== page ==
Nepali Times Asian Paints
Education
Houses of suffering, not learning


KRISHNA ADHIKARI in NEPALGANJ


KRISHNA ADHIKARI

In the terrible heat of Nepalganj, sweat-soaked students study under tin roofs in narrow rooms. The fanless rooms are so hot and crowded that students faint on occasion. As soon as the teacher leaves the room the students go and take shelter under trees or cluster around taps to cool off. Indeed, many schools simply teach under trees. Sarita Budathoki, teacher at Gyanodaya Upper Secondary School, explains: "Since the students refuse to stay in the rooms, we've had to conduct classes in the shade of trees." (see pic)

Last year, temperatures soared to nearly 43 Celsius, and this year has been no different. But the tin roofs of classrooms are not just unsuited to the hot days. They offer little insulation against the chilly winters, and it's well nigh impossible to hear teachers when it rains. Even so, three fourths of Banke District's 300 schools have tin roofs.

Ekdev Panthi, chairman of Nepal National Teacher's Association, explains this is a direct result of the Education† Department's bad planning. Incredibly, the department has decreed that all school buildings in the Tarai should be roofed with tin. This is not simply for homogeneity but, as Madhu Bali of the District Education Office says, "It's because of budgetary and technical shortfalls, and also to mitigate the risk from earthquakes."

It's not as if the Education Department is unaware of the problem. But it continues to build schools with the same design: this year 22 four-room and 27 two-room buildings are under construction, all with tin roofs. The government contributes 60 per cent of the costs, while 40 per cent is raised from local sources. Says Chief Engineer of Banke's Building Construction Division Office, Suroj Paudel, "Thirty per cent more funding would allow the building of proper schools with proper roofs."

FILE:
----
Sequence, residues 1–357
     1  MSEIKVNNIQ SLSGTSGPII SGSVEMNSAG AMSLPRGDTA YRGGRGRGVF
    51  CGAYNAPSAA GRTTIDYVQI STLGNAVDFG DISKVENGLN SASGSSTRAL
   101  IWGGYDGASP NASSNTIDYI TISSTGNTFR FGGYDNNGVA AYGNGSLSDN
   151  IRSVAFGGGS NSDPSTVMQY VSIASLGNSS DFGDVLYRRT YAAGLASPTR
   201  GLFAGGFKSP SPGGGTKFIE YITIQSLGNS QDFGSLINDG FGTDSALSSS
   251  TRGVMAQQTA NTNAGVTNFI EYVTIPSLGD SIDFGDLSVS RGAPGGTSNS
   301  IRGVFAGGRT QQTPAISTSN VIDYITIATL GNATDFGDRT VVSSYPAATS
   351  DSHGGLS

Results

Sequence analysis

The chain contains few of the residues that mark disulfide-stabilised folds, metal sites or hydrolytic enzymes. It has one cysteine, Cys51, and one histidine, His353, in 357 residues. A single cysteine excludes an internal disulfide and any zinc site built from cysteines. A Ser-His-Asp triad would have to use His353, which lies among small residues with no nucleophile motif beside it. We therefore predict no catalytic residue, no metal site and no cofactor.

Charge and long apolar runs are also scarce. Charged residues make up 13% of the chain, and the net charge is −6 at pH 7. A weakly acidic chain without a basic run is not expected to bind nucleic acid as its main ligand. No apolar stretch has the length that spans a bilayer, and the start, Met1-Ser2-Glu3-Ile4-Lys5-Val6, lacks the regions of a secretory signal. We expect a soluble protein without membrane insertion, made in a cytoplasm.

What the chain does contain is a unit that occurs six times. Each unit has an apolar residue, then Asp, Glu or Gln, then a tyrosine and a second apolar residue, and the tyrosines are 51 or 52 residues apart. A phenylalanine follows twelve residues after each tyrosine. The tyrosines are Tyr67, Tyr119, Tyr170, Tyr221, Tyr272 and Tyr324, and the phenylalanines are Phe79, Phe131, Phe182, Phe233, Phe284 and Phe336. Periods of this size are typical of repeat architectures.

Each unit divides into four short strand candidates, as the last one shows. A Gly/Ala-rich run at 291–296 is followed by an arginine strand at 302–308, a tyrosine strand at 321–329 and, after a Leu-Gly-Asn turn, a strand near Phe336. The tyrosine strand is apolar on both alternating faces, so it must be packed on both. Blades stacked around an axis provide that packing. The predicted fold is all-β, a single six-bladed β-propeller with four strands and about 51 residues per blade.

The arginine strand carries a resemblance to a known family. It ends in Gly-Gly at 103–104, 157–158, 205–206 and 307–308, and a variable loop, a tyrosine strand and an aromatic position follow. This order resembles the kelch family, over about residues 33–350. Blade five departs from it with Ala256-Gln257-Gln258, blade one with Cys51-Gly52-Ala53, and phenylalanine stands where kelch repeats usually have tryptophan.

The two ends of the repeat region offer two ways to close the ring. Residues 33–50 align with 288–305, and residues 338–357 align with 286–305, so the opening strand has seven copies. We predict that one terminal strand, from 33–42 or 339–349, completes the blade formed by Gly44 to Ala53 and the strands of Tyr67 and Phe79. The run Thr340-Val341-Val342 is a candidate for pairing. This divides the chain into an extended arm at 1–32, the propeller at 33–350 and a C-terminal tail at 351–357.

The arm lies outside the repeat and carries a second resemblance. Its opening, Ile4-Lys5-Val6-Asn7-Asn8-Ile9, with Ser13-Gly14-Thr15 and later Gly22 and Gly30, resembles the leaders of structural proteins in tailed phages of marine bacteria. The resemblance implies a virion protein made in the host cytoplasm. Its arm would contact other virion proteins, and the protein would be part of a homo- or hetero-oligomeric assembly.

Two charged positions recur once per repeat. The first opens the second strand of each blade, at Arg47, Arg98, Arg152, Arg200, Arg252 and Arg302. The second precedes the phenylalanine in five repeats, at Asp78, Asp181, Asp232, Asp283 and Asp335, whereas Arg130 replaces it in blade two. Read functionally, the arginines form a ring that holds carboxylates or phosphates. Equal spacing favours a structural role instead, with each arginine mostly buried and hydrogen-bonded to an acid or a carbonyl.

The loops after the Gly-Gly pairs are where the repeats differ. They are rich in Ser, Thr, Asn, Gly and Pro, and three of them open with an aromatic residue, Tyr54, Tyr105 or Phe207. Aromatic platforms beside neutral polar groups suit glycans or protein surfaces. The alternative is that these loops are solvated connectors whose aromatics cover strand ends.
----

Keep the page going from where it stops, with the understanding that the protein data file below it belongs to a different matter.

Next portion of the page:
There are alternatives. The group, BASE in cooperation with the Danish charity MS, has built dozens of schools in Banke and Bardiya using insulating mud architecture that keeps the classrooms warm in winter and cool in summer. See: 'Better climate for schools', #425.

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1. DG
Cross ventilation for wind, adequate overhang cantilever chhajjas , heavy insulation even with local material  can be effective to make class rooms habitable. It need not cost more. school class rooms design have been done in tropical regions. Old existing buildings can also be improved and made habitable.


2. Uday Sunder Shrestha, editor SPACES
A lot of research and prototype school buildings have been made in Nepal, which addresses such problems, including the cost problem. We had earlier featured such a prototype in SPACES (check out ), hoping it would generate interest and would be an eye opener to our great decision makers.
Unfortunately, who sits on the Golden Chair is more important to our visionaries and all those sheep who follow them.




LATEST ISSUE
638
(11 JAN 2013 - 17 JAN 2013)


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